Back when George Lucas was making the Star Wars sequel Return of the Jedi, he was adamant that the series was primarily for children. That was the justification for the presence of the cute teddy bear creatures, the Ewoks. Sixteen years later, it was the justification for Jar-Jar Binks, the cartoonish buffoon who exemplified everything wrong with The Phantom Menace.
The newest Disney+ series, Andor, isn’t exactly for children. It’s a quiet, somber show that takes an uncompromising look at the state of the galaxy during the height of the Empire’s reign. It’s not afraid to show viewers just how brutal a totalitarian government can be, and it respects audiences’ attention spans and memories by telling a good story first and a Star Wars story second.
In the original trilogy, Star Wars didn’t need to do much to make you hate the Empire. They were cartoonishly evil villains who literally blew up an inhabited planet with a super-laser in the opening hour of the first movie. Clad in Nazi-inspired uniforms and eager to commit wanton slaughter, the Empire was the perfect enemy faction for a fun space-faring fantasy movie.
Andor helps the Empire earn its loathsome reputation through another avenue. In this series, the mustache-twirling evil of the films is swapped out for the cold, nearly mundane kind of evil that is all too recognizable for those of us who live in the real world. Abuses of power and imperial overreach aren’t as spectacular as exploding planets, but they strike a nerve with viewers due to how believable they are.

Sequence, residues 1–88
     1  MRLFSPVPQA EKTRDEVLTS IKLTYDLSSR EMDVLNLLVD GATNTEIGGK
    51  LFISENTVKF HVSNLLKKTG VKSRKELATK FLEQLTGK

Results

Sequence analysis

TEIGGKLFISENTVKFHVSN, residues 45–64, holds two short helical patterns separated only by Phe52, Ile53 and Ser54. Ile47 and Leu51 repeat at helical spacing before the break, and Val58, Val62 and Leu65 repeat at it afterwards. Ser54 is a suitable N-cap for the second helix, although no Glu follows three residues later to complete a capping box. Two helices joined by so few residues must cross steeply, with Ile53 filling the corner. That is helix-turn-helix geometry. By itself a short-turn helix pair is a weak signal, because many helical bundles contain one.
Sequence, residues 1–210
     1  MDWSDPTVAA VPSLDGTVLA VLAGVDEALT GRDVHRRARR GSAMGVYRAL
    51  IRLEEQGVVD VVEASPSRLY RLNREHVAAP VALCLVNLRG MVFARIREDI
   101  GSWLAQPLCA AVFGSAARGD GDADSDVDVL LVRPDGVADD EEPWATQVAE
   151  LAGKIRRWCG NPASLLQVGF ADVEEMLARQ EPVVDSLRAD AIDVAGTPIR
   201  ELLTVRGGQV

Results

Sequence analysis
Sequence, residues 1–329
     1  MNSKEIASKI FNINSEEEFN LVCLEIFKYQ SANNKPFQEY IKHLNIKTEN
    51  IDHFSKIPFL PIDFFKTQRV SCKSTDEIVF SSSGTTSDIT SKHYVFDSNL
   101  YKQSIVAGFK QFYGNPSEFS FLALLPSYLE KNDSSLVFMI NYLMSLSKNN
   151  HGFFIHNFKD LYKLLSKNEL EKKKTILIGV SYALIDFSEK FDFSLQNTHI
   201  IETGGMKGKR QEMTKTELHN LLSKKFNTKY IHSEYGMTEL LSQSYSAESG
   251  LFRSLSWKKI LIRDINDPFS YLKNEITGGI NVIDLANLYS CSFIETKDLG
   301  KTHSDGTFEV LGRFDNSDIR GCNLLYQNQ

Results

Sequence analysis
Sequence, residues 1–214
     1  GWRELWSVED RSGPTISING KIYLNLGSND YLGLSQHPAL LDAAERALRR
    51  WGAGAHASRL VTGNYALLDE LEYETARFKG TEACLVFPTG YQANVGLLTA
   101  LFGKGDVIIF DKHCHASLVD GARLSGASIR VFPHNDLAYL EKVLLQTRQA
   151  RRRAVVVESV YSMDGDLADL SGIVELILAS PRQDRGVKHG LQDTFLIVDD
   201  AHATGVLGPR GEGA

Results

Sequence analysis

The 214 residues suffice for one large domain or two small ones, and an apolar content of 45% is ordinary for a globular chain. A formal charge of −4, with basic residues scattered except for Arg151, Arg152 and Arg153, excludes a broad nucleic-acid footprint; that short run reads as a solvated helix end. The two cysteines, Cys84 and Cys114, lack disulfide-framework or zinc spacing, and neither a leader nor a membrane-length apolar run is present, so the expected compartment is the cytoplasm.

Andor also one-ups many of its live-action Star Wars contemporaries by bringing prestige-caliber performances to the small screen. That’s not meant as a dig against Book of Boba Fett or Obi-Wan, but those shows weren’t about to win any awards for their actors’ performances. Andor, meanwhile, digs deep into the cast of other prestige shows like HBO’s Chernobyl to provide the Star Wars universe with a genuine political thriller that can engross audiences without a single lightsaber or Force-powered Jedi.
If you’re a longtime Star Wars fan who is eager to see a more serious approach to the source material, then Andor is a dream come true. People who saw the movies as kids have grown up, and, finally, the series is acting like it’s grown up with them. Andor is streaming now on Disney+.